Thursday, August 20, 2015

Hajj: Camel Sacrifice Prohibited To Help Prevent MERS

Photo: ©FAO/Ami Vitale

Credit FAO




Camels are not only a beloved national symbol of Saudi Arabia, they are also a mainstay of the local economy (milk, meat, camel racing, camel rides for tourists, etc.), and their sacrifice (and the distribution of their meat to the poor) during the Hajj or Umrah plays an important part in their religion. 

All of which has made the fact that camels are carriers of the MERS coronavirus, and are likely a source of human infection, difficult for many Saudis to accept.

Eight months after this camel-MERS connection first came to light (see Aug 2103 Lancet: Camels Found With Antibodies To MERS-CoV-Like Virus), there was still resistance from the Ministry of Health and the Ministry of Agriculture to admit any link (see 2014 Saudi MOA Spokesman: Camel Link Unproven, MERS-CoV Is MOH Problem and Saudi Health Minister denies relation between camels, Mers).  


So deep was the denial that public `camel kissing’ briefly surged as an act of defiance. 

In the face of mounting evidence (see EID Journal: MERS Coronaviruses in Dromedary Camels, Egypt &
The Lancet: Identification Of MERS Virus In Camels), in May of 2014 the Saudi Ministry Of Agriculture Issued Warnings On Camels, urging breeders and owners to limit their contact with camels, and to use PPEs (masks, gloves, protective clothing) when in close contact with their animals.


Compliance, however, has been spotty and camel products continue to be used by the public.  And while most human MERS infection are due to human-to-human transmission, we continue to see suspected camel-to-human cases.

As mentioned above, camel sacrifice is a big part of the annual Hajj, and based on the small sampling of Youtube videos I’ve viewed of animal sacrifices during the Hajj (not for the squeamish), opportunities for transmission of blood-borne pathogens to the participants (who wear no protective gear) would seem to be fairly high.

As part of their Hajj, each pilgrim must participate in (often just pay for) the sacrifice of an animal; a sheep or goat can be sacrificed on behalf of only one person; whereas, a cow or camel can be shared by seven people. The cooked  meat is then distributed to the poor.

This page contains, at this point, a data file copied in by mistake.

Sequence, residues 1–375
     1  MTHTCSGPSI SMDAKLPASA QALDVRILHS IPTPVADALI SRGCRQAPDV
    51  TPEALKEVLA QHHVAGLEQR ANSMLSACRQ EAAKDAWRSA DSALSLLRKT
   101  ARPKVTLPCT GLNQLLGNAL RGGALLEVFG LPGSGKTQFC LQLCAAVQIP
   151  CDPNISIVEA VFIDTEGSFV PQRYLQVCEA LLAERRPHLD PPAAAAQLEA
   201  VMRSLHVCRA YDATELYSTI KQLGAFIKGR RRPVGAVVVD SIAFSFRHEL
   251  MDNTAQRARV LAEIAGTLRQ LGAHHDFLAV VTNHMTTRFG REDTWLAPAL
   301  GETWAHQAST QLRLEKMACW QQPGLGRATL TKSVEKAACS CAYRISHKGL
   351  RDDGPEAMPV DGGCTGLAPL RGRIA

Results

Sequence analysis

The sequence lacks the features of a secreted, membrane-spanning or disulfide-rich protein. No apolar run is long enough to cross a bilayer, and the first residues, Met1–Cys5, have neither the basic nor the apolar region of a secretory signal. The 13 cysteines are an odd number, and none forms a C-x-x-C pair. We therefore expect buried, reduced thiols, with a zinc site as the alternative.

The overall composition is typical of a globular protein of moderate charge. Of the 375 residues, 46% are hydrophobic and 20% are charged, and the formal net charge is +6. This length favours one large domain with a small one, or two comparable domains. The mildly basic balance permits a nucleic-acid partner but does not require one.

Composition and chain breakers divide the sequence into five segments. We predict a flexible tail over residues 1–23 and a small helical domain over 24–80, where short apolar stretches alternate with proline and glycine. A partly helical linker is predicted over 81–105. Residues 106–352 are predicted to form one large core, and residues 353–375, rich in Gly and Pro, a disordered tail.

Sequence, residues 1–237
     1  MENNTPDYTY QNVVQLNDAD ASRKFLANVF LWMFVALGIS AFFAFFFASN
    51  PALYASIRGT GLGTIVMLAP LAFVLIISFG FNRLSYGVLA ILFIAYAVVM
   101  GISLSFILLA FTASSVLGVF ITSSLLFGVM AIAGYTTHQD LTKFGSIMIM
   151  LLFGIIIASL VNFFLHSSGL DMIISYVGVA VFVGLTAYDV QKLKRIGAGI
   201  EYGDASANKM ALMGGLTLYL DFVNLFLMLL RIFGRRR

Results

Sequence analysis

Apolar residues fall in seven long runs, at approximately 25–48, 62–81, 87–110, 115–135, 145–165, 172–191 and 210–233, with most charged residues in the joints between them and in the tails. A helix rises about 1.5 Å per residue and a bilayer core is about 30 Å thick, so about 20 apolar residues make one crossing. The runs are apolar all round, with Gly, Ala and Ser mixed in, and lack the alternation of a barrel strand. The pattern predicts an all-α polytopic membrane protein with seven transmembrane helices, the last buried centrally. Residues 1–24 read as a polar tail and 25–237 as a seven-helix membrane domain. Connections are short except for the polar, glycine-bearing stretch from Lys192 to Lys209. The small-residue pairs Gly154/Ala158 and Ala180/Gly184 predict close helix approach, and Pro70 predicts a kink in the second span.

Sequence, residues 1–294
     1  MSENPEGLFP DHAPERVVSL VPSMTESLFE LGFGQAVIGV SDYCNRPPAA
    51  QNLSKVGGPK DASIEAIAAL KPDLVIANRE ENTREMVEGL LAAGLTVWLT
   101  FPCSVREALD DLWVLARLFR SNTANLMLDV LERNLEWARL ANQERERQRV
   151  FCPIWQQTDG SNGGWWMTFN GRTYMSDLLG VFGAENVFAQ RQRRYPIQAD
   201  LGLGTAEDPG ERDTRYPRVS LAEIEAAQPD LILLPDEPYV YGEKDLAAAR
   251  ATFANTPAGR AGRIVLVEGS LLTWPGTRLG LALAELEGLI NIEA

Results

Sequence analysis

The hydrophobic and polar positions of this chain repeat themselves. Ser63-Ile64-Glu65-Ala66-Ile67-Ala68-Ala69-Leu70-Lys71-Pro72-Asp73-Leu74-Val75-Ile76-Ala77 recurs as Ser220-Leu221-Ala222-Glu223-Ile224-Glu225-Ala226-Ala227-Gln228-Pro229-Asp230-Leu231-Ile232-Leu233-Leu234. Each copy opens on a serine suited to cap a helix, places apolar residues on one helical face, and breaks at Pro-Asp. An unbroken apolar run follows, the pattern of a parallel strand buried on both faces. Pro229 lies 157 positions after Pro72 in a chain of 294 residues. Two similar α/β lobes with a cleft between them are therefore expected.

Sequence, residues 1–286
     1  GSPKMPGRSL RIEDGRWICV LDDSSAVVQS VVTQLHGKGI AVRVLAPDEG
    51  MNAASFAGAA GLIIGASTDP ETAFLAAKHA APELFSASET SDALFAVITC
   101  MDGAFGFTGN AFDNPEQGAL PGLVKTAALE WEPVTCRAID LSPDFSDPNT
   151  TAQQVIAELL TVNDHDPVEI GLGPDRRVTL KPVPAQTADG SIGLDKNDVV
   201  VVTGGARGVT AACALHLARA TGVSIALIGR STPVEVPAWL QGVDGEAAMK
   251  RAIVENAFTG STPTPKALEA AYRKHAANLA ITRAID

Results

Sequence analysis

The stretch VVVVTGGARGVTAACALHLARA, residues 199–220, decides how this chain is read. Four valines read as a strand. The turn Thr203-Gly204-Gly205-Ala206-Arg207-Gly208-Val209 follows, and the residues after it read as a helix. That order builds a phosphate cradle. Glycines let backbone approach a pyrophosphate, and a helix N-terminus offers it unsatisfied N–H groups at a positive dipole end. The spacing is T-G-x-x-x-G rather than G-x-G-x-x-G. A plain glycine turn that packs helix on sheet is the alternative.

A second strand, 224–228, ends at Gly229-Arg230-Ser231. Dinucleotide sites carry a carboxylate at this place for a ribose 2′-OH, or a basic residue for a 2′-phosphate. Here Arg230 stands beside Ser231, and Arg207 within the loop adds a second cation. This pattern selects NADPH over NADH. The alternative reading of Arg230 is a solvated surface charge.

Animals are  sacrificed during Eid al Adha -- the feast of sacrifice --  which commemorates the willingness of Ibrahim to sacrifice his son. This year it will take place the last week of September.

The big story in the Arabic press overnight, however, indicates that things will be different  this year. The Minister of Health yesterday announced – in response to the growing concerns of the Riyadh MERS outbreak - that camel sacrifice will not be allowed during the upcoming Hajj.



Saudi Arabia prohibits sacrificial camels in Hajj

Riyadh / PNN- revealed Saudi Health Minister Khalid Al-Falih, the direction for dispensing camels in the pilgrimage this year and do not receive the slaughter Khda or sacrifice even infected with Corona does not occur, pointing out that there is coordination with Mecca Secretariat for concerted efforts to curb the spread of the virus through Hajj season.

The minister spoke of the utmost measures to contain the virus and prevent his release from Riyadh to ensure regular meetings and work awareness campaigns for pilgrims and conduct medical examinations and necessary immunizations to limit private spread arrivals from Riyadh, saying they are ready to deal with any emergency situation.

(Continue . . . )


While the suspension of camel sacrifice during Eid al Adha due to MERS concerns has been discussed before, this appears to be the first time this practice will be prohibited.

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